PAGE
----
In early 1878, at the corner of 10th and Pine, the St Louis Elks Lodge #9 was deemed to have originated. As mentioned at the Grand Lodge later that year, Exalted Grand Ruler (as our now Grand Exalted Ruler was once called), Frank Girand granted dispensation to St. Louis Lodge #9 on May 1, 1878.
Lodge #9 was officially instituted on May 28, 1878 at Druid’s Hall, on the southeast corner of 9th and Washington in what is now downtown St. Louis City. Joseph Mackin, the Illinois District Deputy Exalted Grand Ruler (DDEGR) and eight other members from the Chicago Lodge presided over the ceremony. Five new members were initiated by DDEGR Mackin. In order of initiation and St. Louis #9 membership number, the inductees were P. Short, Theatre Treasurer, age 29, born in Ireland; Thomas Garrett, Doctor, age 37, born in Pennsylvania; T. Noxon, Scene Artist, age 46, born in Montreal; W.D. Wetherell, Railroad Agent, age 36, born in Ohio; and Charles Ware, Printer-Publisher, age 28, born in St.Louis. On May 29th, an additional nine members were initiated, and between May, 31 and June 2, 1878 another fifteen members came aboard, bringing total membership to twenty-nine.
The first local election for Lodge Officers was held on June 2nd again under the leadership of DDEGR Mackin. Thomas Garrett was elected as the first Exalted Ruler of Lodge #9 with others elected as follows; E. W. Jamieson – Leading Knight, J. A. Robertson – Loyal Knight, W. D. Wetherell – Lecturer, P. Short – Secretary, Charles A. Spaulding – Treasurer, Charles Creighton – Tiler, J. W. Parle – Inner Guard, C. E. Ware – Chaplin, and J. A. Griswold, C. A. Fowler and T. F. McGovern as Trustees to complete Board of Directors. In all, Lodge #9 initiated sixty-three members in 1878, each paying an initiation fee of $5.00. By 1880, membership in Lodge #9 was approaching 100 and by June of 1881, the Lodge initiated its 250th member.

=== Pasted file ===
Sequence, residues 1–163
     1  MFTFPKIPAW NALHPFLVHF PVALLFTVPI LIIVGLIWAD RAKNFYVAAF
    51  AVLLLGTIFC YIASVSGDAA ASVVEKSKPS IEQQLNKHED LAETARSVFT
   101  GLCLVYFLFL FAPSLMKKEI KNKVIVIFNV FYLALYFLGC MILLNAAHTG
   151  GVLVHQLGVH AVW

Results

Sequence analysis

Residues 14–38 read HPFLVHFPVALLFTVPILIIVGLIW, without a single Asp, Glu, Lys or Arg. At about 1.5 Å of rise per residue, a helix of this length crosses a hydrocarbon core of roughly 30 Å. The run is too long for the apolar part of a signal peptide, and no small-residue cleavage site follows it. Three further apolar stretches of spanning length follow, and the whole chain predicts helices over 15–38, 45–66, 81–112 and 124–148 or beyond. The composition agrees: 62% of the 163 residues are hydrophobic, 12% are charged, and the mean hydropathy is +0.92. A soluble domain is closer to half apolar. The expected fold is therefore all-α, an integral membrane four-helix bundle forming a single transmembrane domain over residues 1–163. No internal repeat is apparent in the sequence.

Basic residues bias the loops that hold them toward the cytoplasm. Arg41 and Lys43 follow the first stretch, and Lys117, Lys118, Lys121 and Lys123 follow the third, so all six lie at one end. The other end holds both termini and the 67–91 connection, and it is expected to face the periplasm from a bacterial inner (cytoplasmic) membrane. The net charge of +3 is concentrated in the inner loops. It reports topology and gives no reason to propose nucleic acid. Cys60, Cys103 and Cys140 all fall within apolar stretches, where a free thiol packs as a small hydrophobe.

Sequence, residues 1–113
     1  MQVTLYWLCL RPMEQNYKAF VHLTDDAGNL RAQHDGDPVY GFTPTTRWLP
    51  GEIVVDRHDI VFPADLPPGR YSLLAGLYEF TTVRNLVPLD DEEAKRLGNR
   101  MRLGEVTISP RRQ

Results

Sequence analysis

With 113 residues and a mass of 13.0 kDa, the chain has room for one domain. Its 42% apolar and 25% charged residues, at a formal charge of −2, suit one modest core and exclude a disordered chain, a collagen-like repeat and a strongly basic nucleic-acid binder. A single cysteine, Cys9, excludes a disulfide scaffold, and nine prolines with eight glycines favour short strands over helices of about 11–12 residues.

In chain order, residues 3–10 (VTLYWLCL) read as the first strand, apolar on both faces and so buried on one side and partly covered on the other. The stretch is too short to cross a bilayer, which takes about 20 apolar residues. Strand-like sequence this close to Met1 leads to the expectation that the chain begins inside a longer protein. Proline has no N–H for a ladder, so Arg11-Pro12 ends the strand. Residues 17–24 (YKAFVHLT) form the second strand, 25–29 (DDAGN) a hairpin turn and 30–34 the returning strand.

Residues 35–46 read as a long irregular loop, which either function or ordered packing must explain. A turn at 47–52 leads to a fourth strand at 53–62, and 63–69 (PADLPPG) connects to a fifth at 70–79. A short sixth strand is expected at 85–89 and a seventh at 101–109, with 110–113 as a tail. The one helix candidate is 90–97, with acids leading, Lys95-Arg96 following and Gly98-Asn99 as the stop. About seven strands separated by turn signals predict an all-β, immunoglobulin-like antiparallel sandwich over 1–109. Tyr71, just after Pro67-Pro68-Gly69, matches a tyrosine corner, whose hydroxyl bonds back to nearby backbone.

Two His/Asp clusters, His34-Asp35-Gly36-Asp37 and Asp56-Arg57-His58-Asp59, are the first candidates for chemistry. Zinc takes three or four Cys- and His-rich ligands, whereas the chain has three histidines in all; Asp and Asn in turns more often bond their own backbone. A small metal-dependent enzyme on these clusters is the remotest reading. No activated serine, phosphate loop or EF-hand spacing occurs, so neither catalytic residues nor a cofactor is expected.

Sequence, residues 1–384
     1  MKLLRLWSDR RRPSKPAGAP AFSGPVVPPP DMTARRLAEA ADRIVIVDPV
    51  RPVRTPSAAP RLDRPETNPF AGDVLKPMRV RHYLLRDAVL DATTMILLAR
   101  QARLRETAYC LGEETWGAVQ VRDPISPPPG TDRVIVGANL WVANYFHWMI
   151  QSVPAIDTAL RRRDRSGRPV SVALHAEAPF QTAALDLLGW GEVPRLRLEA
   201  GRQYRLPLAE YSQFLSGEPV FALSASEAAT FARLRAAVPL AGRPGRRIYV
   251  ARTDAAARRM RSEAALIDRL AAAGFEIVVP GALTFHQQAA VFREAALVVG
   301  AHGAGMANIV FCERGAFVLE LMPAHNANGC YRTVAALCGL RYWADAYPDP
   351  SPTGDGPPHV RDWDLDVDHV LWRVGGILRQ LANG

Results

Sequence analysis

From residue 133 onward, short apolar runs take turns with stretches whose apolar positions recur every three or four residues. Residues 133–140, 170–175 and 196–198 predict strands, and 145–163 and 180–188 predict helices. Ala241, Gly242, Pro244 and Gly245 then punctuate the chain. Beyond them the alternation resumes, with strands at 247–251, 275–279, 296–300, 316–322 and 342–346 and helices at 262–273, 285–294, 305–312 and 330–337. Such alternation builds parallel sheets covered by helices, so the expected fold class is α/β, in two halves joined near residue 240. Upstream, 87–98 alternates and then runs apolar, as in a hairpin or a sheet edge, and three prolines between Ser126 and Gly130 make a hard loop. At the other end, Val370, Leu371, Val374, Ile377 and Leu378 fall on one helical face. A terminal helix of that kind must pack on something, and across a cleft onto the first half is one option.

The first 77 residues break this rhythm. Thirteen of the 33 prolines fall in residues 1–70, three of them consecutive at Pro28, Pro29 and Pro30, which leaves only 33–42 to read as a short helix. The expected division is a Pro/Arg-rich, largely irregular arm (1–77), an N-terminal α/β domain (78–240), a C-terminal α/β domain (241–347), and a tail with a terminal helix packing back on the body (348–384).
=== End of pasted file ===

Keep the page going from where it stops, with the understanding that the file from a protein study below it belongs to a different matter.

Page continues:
Thomas E. Garrett, the first Exalted Ruler (ER) of Lodge #9, was born near West Chester, Pa. in 1828. He re-located to St. Louis in 1851 and began his business career with the St. Louis Missouri Republican newspaper (soon to be re-named the St. Louis Republic), as a river reporter. He was soon promoted to the paper’s dramatic critic role. Garrett would eventually become a distinguished author, a 33rd Degree Mason and the BPOE Exalted Grand Ruler, the only Lodge #9 member to attain that position. Garrett was the Order’s 10th Exalted Grand Ruler and presided over Grand Lodge Sessions #33 (12/11/1881) and #34 (12/10/1882).
For the first thirty years of its existence, Lodge #9 was rather nomadic, housing itself in no fewer than five downtown St. Louis buildings – The Druid, People’s Theatre, LaClede, Hagan, and Holland Buildings. In 1908, Lodge #9 purchased the former residence of Peter Lauman Foy at 3617 Lindell Blvd. Per Elk historian Charles Edward Ellis, the Lodge on Lindell quickly became “the handsomest club in the country.” In his 1910 “An Authentic History of The Elks,” Ellis goes on to say “even back in the early days, St. Louis Lodge #9 was known for its charity. While there are some sixty or 75 lodges larger and richer than old number 9, they have for years ranked 4th or 5th in the order of the amount of money expensed for charity.
Incorporated in 1878, in many ways. St. Louis has been a pioneer, or at least one of the early settlers. In 1899, extensive Christmas Charity work was begun by #9, likely the first Elk Lodge to conduct this work in a large, systematic way, providing 100s of local families with food, medicine and money.”
Researched and authored by Robert C. Dixon, Jr. 2018 (P.E.R.)